Get stress under control before it cripples your performance and harms your health.
Here are some tips on how to handle stress effectively:
- Stay organized
- Identify your stressors
- Watch what you eat and drink
- Take breaks
- Share your feelings
- Protect your leisure time
- Plot your escape!
More information on each topic in the article below!
Source: 7 Ways To Combat Work Stress | Monster.com
In this answer on Quora, Monster career expert Vicki Salemi explains when it’s necessary—and when it’s not—to disclose personal information.
A. There’s no need to mention your disability on your resume or cover letter. The only time when you may want to mention your disability, such as hearing loss, is if the job you’re pursuing is relevant to your hearing loss and the employer will need to make reasonable accommodations for you as a result.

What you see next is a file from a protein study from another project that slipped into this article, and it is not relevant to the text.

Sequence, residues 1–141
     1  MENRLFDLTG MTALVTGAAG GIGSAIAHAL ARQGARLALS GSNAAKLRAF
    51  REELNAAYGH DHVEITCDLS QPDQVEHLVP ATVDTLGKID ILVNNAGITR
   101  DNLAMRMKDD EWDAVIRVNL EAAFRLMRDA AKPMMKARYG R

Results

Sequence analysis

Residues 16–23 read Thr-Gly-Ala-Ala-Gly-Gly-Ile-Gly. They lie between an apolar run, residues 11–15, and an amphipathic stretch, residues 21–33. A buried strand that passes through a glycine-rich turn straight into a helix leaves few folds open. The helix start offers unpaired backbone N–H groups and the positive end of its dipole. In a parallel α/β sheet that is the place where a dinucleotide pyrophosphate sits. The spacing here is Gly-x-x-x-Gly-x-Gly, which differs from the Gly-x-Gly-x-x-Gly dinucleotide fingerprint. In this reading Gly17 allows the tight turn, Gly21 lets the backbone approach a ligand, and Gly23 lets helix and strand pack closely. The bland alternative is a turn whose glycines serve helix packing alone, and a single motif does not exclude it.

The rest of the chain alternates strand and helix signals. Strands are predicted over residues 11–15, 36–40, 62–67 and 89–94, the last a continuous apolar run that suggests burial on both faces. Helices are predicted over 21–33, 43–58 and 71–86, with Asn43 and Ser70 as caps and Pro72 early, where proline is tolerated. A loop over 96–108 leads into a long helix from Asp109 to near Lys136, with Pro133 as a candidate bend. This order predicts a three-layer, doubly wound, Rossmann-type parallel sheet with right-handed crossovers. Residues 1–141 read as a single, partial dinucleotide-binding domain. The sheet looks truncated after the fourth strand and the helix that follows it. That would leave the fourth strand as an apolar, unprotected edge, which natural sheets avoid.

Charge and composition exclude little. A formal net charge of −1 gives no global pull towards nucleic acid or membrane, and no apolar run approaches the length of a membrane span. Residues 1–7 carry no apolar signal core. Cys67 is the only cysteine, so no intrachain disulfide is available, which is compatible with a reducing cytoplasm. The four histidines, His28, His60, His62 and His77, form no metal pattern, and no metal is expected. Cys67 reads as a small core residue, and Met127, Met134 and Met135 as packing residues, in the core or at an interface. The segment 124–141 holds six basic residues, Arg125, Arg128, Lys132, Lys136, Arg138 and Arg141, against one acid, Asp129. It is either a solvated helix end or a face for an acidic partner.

In the instance of hearing loss, let’s say you’re pursuing a job where you’re on the phone all day long, translating conference calls dictated in French. Hearing is an essential part of the job. But during a job interview, it’s illegal for the hiring company to ask (and discriminate against you) if you have any disabilities. They may, however, ask if you’re able to perform functions of the position with or without accommodation.
What’s an accommodation, you ask? According to the Americans with Disabilities Act, employers must provide reasonable accommodations to qualified employees with disabilities, unless doing that would result in an undue hardship.
So, back to the resume and cover letter: You don’t need to mention your disability. Remember, your resume and cover letter are simply marketing tools that highlight your skills and experiences relevant to the job you’re applying for.
Source: Should I Mention My Disability In My Resume Or Cover Letter? | Ask Vicki